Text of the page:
Politics

Susan Collins to headline 2nd fundraiser for Christina Nolan’s Senate bid

Christina Nolan, left, in Montpelier on May 18, and Susan Collins in Washington, D.C. in February 2020. Photos by Natalie Williams/VTDigger and Keith Mellnick via Wikimedia Commons

Updated at 7:22 p.m.

Maine’s U.S. Sen. Susan Collins is once again going to bat for former U.S. Attorney Christina Nolan’s campaign to represent Vermont in the U.S. Senate, with the two Republicans slated to appear alongside one another at another Washington, D.C., campaign fundraiser benefiting Nolan on Tuesday.

The fundraiser will be hosted by the Value In Electing Women Political Action Committee, or VIEW PAC, according to a copy of the invitation provided to VTDigger by Nolan’s campaign. Suggested donations for the event range from $500 to $2,500.

According to OpenSecrets, the Alexandria, Virginia-based VIEW PAC is a hybrid PAC/Super PAC, or so-called Carey committee. The PAC was founded in 1997 and promotes Republican women running for Congress. It has raised nearly $1.8 million in the 2022 midterm cycle, and spent nearly $1.7 million.

VIEW PAC Executive Director Julie Conway told VTDigger that the PAC is “the unofficial political arm of all of the Republican women in the Senate.” It doesn’t support every woman running for Congress with an R next to her name, but it has a big-tent approach to the candidates it backs.

“We don't have a litmus test. We think that you should look and sound like the district or the state you're running in,” Conway said. “You know, Susan Collins would not be elected in Texas, and so Susan Collins fits Maine very much the way we think Christina Nolan fits Vermont.”

Tuesday will mark the second time Collins has made an appearance at a Nolan fundraiser. At another event headlined by Senate Minority Leader Mitch McConnell of Kentucky in May, Collins was a special guest, along with U.S. Sens. Lisa Murkowski of Alaska, Joni Ernst of Iowa and Marsha Blackburn of Tennessee (incumbents also backed by VIEW PAC).

Even with the top Democratic competitor for the open Senate seat being Vermont’s longtime Congressman Peter Welch, and President Joe Biden’s sizable margin of victory in Vermont in 2020, Conway said she sees a real opportunity to flip the open Senate seat from blue to red. She pointed to Vermont’s second-in-the-nation support for Gov. Phil Scott, a moderate Republican, and said that “Christina is a lot closer to the governor than she is to where Trump was” politically.

Scott’s favorability “clearly demonstrates that Vermont is capable of electing a Republican statewide, and certainly one that is in the mold of the current governor, and (Nolan) is,” Conway said. “And I think because the governor continues to be so popular, obviously he's greased the tracks for Christina's campaign.”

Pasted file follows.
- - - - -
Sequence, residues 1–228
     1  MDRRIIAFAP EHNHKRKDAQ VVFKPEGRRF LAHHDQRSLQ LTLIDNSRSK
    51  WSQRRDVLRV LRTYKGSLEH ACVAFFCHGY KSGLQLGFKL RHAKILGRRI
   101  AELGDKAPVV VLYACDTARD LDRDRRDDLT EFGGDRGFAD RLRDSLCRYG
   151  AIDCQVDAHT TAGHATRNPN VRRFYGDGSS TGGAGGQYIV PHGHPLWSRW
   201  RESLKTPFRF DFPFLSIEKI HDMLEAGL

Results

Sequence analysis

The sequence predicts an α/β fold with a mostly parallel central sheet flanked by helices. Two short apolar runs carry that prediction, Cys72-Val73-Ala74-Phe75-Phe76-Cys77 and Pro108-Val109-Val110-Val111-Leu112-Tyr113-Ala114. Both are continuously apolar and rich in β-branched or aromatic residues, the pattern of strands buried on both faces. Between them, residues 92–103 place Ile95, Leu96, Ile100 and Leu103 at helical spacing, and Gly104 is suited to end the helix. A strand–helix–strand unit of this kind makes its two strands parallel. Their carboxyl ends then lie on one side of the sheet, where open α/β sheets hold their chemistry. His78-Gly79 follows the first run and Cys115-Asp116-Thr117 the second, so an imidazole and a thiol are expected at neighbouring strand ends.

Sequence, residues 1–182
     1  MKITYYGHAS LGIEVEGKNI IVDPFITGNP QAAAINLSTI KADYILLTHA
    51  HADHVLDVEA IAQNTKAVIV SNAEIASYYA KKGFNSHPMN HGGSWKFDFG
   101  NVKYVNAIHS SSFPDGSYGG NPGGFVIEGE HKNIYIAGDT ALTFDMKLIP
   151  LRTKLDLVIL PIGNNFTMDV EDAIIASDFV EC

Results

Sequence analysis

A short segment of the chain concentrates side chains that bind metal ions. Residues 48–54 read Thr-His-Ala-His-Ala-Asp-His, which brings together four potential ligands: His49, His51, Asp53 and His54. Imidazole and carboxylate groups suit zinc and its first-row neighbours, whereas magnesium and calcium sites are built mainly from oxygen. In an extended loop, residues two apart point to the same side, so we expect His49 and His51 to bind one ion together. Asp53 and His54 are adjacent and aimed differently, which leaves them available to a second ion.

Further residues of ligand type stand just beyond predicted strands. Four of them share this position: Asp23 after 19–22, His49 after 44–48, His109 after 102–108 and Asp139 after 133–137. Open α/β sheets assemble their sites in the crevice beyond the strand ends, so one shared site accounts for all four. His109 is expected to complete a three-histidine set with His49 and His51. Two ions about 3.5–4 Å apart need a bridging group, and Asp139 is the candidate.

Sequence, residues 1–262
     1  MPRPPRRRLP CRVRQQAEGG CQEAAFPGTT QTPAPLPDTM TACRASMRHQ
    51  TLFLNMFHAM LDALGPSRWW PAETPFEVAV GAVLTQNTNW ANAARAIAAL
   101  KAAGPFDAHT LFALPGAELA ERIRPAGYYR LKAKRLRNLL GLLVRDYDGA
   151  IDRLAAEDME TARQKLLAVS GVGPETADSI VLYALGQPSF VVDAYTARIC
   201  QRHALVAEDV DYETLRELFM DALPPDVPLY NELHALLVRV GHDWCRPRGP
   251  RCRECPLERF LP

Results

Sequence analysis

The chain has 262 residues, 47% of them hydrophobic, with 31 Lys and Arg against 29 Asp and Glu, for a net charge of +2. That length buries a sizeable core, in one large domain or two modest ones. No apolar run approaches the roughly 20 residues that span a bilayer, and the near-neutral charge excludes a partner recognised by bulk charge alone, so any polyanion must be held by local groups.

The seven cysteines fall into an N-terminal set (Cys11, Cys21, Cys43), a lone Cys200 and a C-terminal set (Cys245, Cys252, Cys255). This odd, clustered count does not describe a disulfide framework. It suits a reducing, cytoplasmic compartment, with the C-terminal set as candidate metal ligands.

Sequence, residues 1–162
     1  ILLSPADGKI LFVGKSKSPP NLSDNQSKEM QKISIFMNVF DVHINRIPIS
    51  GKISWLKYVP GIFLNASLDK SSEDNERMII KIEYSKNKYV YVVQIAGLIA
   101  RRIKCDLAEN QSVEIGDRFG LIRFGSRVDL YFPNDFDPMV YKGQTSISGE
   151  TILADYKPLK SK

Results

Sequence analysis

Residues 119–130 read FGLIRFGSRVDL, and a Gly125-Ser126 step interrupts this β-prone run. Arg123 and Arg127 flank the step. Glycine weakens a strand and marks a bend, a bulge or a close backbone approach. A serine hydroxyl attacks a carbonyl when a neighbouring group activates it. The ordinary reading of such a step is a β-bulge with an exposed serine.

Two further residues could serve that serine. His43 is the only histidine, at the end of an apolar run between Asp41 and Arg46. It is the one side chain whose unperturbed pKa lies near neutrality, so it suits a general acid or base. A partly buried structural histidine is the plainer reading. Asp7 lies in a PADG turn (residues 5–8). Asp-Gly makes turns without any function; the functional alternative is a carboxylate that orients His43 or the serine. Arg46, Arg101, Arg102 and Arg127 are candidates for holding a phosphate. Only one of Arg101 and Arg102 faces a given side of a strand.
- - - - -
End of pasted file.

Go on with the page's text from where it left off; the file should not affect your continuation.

Collins is considered a moderate Republican in the upper chamber, and Nolan has cited her as a political role model. Like Nolan, Collins has carved out a niche for herself as a Republican who publicly called for Roe v. Wade case precedent protecting federal abortion access to remain in place.

But in June, the U.S. Supreme Court voted 5-4 to overturn Roe. Two of the five conservative justices who voted to strike down federal abortion protections — Justices Neil Gorsuch and Brett Kavanaugh — had assured Collins they believed Roe was “settled as precedent” before she voted to confirm them to the bench.

“The Supreme Court has abandoned a fifty-year precedent at a time that the country is desperate for stability,” Collins said in June. “This ill-considered action will further divide the country at a moment when, more than ever in modern times, we need the Court to show both consistency and restraint.”

In the wake of the high court’s June ruling, Nolan said in a statement that she would “take action to protect the right to abortion that was established in Roe v. Wade” should she win in November.

“In the wake of this decision, I fear that women’s health will take a backseat to extreme reactions and partisan anger,” Nolan said in June. “As a leader, I will put women’s health first and work to find a federal legislative solution.”

Vermont Democratic Party Executive Director Jim Dandeneau said in a Monday statement that Nolan “has already told us once that she’s opposed to abortion when she came out against (Proposal) 5,” which would enshrine reproductive rights in Vermont’s Constitution. 

“Now she’s telling us again by teaming up with the person responsible for packing the Court with extremist Republicans on the Supreme Court who just gutted abortion rights,” Dandeneau continued. “Vermonters overwhelmingly reject Susan Collins and Mitch McConnell’s anti-choice agenda, and I expect they will reject Christina Nolan in November as well.”

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Sarah Mearhoff

About Sarah

Sarah Mearhoff is one of VTDigger's political reporters, covering the Vermont statehouse, executive branch and congressional delegation. Prior to joining Digger, she covered Minnesota and South Dakota state politics for Forum Communications' newspapers across the Upper Midwest for three years. She has also covered politics in Mississippi, New York, Pennsylvania and Washington, D.C. Born and raised in Pennsylvania, she is a proud alumna of the Pennsylvania State University where she studied journalism.

Email: [email protected]

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